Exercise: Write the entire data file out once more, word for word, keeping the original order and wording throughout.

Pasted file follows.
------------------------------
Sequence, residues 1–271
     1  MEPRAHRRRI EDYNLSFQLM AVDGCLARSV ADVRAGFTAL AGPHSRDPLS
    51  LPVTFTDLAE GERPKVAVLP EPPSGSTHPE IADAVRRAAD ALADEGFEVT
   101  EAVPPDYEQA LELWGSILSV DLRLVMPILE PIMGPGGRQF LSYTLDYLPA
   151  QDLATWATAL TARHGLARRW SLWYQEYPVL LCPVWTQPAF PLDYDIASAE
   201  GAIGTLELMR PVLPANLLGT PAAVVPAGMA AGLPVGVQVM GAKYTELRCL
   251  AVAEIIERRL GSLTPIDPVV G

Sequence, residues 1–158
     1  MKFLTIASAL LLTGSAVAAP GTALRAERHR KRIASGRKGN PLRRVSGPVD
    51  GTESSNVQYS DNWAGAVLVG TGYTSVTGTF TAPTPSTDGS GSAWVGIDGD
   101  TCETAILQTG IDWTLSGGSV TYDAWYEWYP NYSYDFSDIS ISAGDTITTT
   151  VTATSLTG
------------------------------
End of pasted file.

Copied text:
Sequence, residues 1–271
     1  MEPRAHRRRI EDYNLSFQLM AVDGCLARSV ADVRAGFTAL AGPHSRDPLS
    51  LPVTFTDLAE GERPKVAVLP EPPSGSTHPE IADAVRRAAD ALADEGFEVT
   101  EAVPPDYEQA LELWGSILSV DLRLVMPILE PIMGPGGRQF LSYTLDYLPA
   151  QDLATWATAL TARHGLARRW SLWYQEYPVL LCPVWTQPAF PLDYDIASAE
   201  GAIGTLELMR PVLPANLLGT PAAVVPAGMA AGLPVGVQVM GAKYTELRCL
   251  AVAEIIERRL GSLTPIDPVV G

Sequence, residues 1–158
     1  MKFLTIASAL LLTGSAVAAP GTALRAERHR KRIASGRKGN PLRRVSGPVD
    51  GTESSNVQYS DNWAGAVLVG TGYTSVTGTF TAPTPSTDGS GSAWVGIDGD
   101  TCETAILQTG IDWTLSGGSV TYDAWYEWYP NYSYDFSDIS ISAGDTITTT
   151  VTATSLTG